Pragita, Pragīta, Pragītā: 11 definitions

Introduction

Introduction:

Pragita means something in Hinduism, Sanskrit, Hindi. If you want to know the exact meaning, history, etymology or English translation of this term then check out the descriptions on this page. Add your comment or reference to a book if you want to contribute to this summary article.

Alternative spellings of this word include Pragit.

In Hinduism

Vyakarana (Sanskrit grammar)

Source: Wikisource: A dictionary of Sanskrit grammar

Pragīta (प्रगीत).—A fault of utterance or recital where a simple word in conversation or recital is uttered in a tone proper for singing or in a manner suitable for singing; cf प्रगीतः सामवदुच्चारितः (pragītaḥ sāmavaduccāritaḥ) Kaiy. on M.Bh.Ahni.1.

context information

Vyakarana (व्याकरण, vyākaraṇa) refers to Sanskrit grammar and represents one of the six additional sciences (vedanga) to be studied along with the Vedas. Vyakarana concerns itself with the rules of Sanskrit grammar and linguistic analysis in order to establish the correct context of words and sentences.

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Chandas (prosody, study of Sanskrit metres)

Source: Journal of the University of Bombay Volume V: Apabhramsa metres (2)

Pragītā (प्रगीता) is the name of a catuṣpadi metre (as popularly employed by the Apabhraṃśa bards), as discussed in books such as the Chandonuśāsana, Kavidarpaṇa, Vṛttajātisamuccaya and Svayambhūchandas.—Pragītā has 12 mātrās in each of its four lines (4, 4, SS).

Chandas book cover
context information

Chandas (छन्दस्) refers to Sanskrit prosody and represents one of the six Vedangas (auxiliary disciplines belonging to the study of the Vedas). The science of prosody (chandas-shastra) focusses on the study of the poetic meters such as the commonly known twenty-six metres mentioned by Pingalas.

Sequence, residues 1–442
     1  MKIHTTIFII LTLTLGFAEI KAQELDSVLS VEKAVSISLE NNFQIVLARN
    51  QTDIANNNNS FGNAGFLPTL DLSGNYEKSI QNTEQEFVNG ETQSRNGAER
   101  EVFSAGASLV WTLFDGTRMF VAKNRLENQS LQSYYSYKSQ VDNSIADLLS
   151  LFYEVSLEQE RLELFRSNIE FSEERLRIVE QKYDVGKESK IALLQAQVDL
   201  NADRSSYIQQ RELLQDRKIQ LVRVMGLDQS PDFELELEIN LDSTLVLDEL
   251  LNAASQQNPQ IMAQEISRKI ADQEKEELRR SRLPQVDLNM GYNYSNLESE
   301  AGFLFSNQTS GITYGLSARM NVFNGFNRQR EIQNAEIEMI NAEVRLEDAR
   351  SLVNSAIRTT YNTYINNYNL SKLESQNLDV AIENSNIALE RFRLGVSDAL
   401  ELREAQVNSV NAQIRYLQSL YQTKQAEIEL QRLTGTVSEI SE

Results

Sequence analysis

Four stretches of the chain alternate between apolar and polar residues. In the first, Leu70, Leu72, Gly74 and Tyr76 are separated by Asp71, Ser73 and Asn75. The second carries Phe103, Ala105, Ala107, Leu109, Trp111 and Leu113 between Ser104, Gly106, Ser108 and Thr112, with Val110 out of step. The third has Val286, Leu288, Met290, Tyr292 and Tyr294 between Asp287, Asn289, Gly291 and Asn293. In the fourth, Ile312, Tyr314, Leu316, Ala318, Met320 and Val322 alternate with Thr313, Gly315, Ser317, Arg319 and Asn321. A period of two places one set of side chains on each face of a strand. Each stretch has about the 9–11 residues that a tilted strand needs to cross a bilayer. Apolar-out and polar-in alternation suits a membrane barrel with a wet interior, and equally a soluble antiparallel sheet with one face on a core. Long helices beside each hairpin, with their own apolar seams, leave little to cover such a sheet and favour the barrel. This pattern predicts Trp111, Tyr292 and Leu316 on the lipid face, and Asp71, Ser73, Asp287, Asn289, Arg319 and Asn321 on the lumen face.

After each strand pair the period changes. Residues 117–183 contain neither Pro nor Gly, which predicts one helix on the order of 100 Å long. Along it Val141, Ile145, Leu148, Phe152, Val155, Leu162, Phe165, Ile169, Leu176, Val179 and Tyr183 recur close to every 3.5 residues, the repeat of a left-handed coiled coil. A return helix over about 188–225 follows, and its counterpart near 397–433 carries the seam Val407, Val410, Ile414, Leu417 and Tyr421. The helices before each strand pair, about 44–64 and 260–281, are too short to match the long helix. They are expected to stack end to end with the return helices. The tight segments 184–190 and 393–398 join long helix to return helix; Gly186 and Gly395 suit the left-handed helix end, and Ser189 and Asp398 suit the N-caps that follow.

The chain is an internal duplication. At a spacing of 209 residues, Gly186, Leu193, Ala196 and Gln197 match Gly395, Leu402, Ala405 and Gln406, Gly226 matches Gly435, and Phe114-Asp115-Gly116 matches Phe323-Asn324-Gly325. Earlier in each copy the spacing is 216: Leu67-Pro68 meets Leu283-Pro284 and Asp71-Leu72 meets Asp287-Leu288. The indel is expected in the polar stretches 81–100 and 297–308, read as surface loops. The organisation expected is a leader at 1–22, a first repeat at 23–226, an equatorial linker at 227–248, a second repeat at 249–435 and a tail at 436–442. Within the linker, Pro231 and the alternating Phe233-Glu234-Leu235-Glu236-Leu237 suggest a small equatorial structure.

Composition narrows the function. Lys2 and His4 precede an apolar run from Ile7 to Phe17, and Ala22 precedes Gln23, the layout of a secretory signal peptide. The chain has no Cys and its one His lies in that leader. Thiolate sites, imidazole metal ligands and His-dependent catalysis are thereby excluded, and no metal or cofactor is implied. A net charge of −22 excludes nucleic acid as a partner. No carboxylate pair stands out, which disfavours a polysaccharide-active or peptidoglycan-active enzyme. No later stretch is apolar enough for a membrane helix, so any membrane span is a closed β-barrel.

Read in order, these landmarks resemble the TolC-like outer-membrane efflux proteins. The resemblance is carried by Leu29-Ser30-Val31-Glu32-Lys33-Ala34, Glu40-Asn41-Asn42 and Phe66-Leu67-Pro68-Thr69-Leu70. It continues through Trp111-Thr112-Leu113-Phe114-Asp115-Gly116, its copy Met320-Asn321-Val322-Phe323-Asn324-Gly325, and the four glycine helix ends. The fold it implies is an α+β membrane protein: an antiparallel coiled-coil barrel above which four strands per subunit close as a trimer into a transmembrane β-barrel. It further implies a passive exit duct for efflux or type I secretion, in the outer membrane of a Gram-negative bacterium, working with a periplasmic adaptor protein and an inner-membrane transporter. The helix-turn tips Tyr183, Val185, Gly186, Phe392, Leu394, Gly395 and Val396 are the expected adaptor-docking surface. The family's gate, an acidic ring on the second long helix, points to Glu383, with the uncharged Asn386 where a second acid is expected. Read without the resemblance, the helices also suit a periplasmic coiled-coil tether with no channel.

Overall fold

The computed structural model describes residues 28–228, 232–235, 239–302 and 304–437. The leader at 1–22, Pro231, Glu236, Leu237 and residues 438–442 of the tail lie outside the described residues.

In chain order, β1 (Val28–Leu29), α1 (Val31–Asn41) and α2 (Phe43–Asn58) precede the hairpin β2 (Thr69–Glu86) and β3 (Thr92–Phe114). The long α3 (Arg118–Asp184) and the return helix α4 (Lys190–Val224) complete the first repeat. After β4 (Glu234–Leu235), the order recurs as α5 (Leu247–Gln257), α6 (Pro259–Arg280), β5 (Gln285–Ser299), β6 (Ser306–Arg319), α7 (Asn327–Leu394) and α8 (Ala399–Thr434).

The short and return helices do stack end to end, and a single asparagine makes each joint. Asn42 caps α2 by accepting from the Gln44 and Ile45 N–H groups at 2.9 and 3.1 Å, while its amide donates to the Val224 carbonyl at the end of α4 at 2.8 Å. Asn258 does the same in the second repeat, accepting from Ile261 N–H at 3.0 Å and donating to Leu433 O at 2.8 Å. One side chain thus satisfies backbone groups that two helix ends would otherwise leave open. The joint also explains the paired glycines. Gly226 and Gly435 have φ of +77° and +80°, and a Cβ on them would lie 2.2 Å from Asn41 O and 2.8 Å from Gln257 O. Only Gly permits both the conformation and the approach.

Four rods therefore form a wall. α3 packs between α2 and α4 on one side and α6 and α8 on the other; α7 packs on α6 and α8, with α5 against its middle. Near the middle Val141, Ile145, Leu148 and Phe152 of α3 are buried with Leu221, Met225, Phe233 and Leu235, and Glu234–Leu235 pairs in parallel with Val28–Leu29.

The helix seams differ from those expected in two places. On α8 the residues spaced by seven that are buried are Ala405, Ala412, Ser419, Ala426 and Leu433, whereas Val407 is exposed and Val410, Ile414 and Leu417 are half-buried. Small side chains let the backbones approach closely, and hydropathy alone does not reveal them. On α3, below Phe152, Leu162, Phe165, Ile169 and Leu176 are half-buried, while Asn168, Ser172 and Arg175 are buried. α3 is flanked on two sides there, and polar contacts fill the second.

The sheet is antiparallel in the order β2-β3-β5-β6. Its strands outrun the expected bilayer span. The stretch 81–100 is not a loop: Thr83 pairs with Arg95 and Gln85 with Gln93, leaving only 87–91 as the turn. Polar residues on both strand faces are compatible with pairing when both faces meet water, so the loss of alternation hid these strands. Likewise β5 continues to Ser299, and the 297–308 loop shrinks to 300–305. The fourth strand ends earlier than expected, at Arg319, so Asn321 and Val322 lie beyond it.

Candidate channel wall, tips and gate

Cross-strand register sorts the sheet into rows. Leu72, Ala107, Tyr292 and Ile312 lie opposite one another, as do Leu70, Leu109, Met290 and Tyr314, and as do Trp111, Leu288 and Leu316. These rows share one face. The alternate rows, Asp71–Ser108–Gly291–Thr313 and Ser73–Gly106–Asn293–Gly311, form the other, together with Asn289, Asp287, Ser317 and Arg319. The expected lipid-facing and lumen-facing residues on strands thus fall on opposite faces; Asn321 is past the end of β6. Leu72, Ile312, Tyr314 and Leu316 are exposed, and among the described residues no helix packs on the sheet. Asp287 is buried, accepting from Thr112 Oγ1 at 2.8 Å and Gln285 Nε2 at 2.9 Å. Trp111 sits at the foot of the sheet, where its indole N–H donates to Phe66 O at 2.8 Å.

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Languages of India and abroad

Sanskrit dictionary

Source: DDSA: The practical Sanskrit-English dictionary

Pragīta (प्रगीत).—a.

1) Sung.

2) Singing.

3) Resonant with singing.

-tam 1 A song.

2) A sing-song mode of reciting.

Source: Cologne Digital Sanskrit Dictionaries: Shabda-Sagara Sanskrit-English Dictionary

Pragīta (प्रगीत).—mfn.

(-taḥ-tā-taṃ) Sung, vocal. E. pra, and gīta sung.

Source: Cologne Digital Sanskrit Dictionaries: Cappeller Sanskrit-English Dictionary

Pragīta (प्रगीत).—[adjective] sung, filled with song; having begun to sing, singing.

Source: Cologne Digital Sanskrit Dictionaries: Monier-Williams Sanskrit-English Dictionary

1) Pragīta (प्रगीत):—[=pra-gīta] a ti See pra-√gai.

2) [=pra-gīta] [from pra-gai] b mfn. recited in a singing tone, sung, [Sarvadarśana-saṃgraha]

3) [v.s. ...] resonant with singing, vocal, [Mahābhārata; Rāmāyaṇa]

4) [v.s. ...] singing, one who has begun to sing, [Kathāsaritsāgara]

5) [v.s. ...] n. song, [Ṛtusaṃhāra; Caurapañcāśikā]

6) [v.s. ...] a sing-song or drawling recitation (regarded as a fault), [Śikṣā]

Source: Cologne Digital Sanskrit Dictionaries: Yates Sanskrit-English Dictionary

Pragīta (प्रगीत):—[pra-gīta] (taḥ-tā-taṃ) p. Sung; vocal.

Source: DDSA: Paia-sadda-mahannavo; a comprehensive Prakrit Hindi dictionary (S)

Pragīta (प्रगीत) in the Sanskrit language is related to the Prakrit words: Pagāiya, Pagīa, Yagīya.

[Sanskrit to German]

Pragita in German

context information

Sanskrit, also spelled संस्कृतम् (saṃskṛtam), is an ancient language of India commonly seen as the grandmother of the Indo-European language family (even English!). Closely allied with Prakrit and Pali, Sanskrit is more exhaustive in both grammar and terms and has the most extensive collection of literature in the world, greatly surpassing its sister-languages Greek and Latin.

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Hindi dictionary

[«previous next»] — Pragita in Hindi glossary
Source: DDSA: A practical Hindi-English dictionary

Pragīta (प्रगीत) [Also spelled pragit]:—(nm) a song; lyric; ~[ti] a lyric; lyrical; •[kāvya] lyrical poetry; ~[titattva] lyrical element.

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Kannada-English dictionary

Source: Alar: Kannada-English corpus

Pragīta (ಪ್ರಗೀತ):—[adjective] sung.

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Pragīta (ಪ್ರಗೀತ):—

1) [noun] a piece of music sung or composed for singing; a song.

2) [noun] a man who is lauded, extolled.

3) [noun] a stretching of a short vowel to a considerable length (as singing the hymns of Sāmavēda).

context information

Kannada is a Dravidian language (as opposed to the Indo-European language family) mainly spoken in the southwestern region of India.

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